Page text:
It is the first of its kind case since the amendment in the Juvenile Justice (Care and Protection of Children) Act, 2015, which allowed the board to transfer cases of heinous offences by children to sessions courts.
The juvenile accused of mowing down and killing a 32-year-old marketing executive in Delhi in April in a hit-and-run case will be tried as an adult, the Juvenile Justice Board (JJB) ruled on June 4. Allowing the Delhi police to forward his case to a regular court, the board said his alleged offence was “heinous”.
The accused had turned major just four days after the April 4 incident.
It is the first of its kind case since the amendment in the Juvenile Justice (Care and Protection of Children) Act, 2015, which allowed the board to transfer cases of heinous offences by children to sessions courts. As per section 2(33) of the Act, “heinous offences” include those for which the minimum punishment under the Indian Penal Code or any other law in force is imprisonment for seven years or more.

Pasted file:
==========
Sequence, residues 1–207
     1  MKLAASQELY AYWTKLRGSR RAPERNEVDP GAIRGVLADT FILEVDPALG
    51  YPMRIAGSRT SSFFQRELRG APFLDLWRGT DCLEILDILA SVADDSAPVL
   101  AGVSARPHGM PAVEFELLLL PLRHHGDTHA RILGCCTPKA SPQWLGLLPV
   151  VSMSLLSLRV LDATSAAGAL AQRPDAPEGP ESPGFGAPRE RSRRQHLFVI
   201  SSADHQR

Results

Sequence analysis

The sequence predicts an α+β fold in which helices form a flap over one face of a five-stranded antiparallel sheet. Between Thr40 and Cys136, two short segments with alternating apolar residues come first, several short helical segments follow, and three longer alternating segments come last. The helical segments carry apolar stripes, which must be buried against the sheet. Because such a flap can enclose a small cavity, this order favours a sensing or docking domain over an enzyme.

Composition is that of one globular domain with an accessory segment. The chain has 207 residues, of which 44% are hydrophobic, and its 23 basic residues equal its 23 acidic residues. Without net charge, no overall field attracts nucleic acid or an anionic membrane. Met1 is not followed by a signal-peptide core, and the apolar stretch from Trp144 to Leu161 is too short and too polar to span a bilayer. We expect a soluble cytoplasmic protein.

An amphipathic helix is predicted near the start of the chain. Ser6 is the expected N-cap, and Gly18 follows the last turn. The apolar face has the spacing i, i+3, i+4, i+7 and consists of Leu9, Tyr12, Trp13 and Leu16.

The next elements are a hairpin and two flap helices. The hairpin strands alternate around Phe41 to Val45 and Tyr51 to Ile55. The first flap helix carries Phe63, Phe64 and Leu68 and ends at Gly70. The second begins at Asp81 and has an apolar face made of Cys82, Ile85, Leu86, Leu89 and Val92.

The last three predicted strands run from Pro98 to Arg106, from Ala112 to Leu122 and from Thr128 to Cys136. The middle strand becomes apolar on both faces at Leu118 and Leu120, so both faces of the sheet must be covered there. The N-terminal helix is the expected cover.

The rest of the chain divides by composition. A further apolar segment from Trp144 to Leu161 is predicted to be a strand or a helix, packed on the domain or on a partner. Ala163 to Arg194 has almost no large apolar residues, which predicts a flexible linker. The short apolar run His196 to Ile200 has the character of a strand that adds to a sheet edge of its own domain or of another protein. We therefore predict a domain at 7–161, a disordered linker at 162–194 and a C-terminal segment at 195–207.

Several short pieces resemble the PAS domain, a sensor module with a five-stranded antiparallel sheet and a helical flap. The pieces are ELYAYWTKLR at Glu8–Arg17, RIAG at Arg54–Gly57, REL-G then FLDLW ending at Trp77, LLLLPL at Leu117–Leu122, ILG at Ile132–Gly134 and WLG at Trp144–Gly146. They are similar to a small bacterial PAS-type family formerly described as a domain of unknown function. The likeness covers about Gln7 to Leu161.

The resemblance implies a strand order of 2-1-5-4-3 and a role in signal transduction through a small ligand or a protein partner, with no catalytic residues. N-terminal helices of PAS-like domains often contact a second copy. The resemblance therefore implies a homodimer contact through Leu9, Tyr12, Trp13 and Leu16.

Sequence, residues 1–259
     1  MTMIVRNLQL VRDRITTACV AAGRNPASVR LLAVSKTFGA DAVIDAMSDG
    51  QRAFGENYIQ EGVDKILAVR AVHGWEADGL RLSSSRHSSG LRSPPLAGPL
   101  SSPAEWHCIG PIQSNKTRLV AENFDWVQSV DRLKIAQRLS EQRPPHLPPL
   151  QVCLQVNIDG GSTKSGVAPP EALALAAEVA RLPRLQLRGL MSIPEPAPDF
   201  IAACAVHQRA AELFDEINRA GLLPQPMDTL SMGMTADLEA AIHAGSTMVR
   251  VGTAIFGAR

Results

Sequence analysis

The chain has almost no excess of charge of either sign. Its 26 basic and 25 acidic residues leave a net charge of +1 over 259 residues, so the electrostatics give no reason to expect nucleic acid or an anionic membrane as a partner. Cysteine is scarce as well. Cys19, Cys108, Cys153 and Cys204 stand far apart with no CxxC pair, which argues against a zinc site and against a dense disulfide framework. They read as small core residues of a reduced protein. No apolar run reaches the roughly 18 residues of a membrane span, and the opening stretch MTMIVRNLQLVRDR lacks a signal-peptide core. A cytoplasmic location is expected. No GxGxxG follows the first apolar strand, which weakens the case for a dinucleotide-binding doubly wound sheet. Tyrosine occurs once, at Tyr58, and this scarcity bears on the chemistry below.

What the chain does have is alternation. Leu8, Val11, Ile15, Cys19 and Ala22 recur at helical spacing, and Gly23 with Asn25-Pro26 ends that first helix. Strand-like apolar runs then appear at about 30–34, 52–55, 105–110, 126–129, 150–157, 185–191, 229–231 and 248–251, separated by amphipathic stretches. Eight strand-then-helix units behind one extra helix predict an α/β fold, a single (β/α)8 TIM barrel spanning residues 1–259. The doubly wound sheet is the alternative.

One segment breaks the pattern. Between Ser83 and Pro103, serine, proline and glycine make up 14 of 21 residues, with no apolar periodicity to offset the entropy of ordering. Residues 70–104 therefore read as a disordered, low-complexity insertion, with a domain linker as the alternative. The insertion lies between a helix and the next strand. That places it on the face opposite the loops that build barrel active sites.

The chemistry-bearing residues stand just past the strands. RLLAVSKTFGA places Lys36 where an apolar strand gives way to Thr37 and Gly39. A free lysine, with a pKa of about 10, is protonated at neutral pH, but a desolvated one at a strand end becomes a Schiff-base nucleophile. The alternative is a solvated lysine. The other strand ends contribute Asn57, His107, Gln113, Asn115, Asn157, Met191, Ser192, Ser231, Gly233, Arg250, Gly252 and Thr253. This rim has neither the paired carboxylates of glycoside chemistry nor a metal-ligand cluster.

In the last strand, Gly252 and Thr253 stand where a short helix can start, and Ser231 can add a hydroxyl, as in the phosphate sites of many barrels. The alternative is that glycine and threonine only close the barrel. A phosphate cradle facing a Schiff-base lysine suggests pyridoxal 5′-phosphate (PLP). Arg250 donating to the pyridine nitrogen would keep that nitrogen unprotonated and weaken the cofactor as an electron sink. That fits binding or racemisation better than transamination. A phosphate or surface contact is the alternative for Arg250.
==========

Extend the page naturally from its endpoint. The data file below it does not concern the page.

The police had on May 26 chargesheeted the juvenile in the JJB for the offence of culpable homicide not amounting to murder, which entails a maximum punishment of 10 years imprisonment.
The incident, however, has again ignited a debate over juveniles being tried as adults, with many activists and organisations saying the JJB’s decision is “incorrect” and that the Juvenile Justice Act does not allow an offence under Section 304 (punishment for culpable homicide not amounting to murder) to be included under “heinous offences”.
“We have serious issues with the order. Firstly the particular crime in which this juvenile was allegedly involved does not qualify him to be tried as an adult. The reason being that, it was a case of accident which should have attracted section 304 A which offers maximum punishment of 2 years. And it cannot be taken as heinous crime,” said Amod K. Kant, a former IPS officer and founder of Prayas, an NGO working for child rights.
Meanwhile, the Delhi police welcomed the decision, calling it a big victory of prosecution. The accused was initially booked for the charge of rash driving and negligence causing death, but having later considered his prior record of rash and negligent driving (which in itself in unlawful in case of a minor), the police slapped the charge of culpable homicide not amounting to murder.
The matter will come up for hearing before the special children’s court headed by a sessions Judge on June 9.
(With PTI inputs)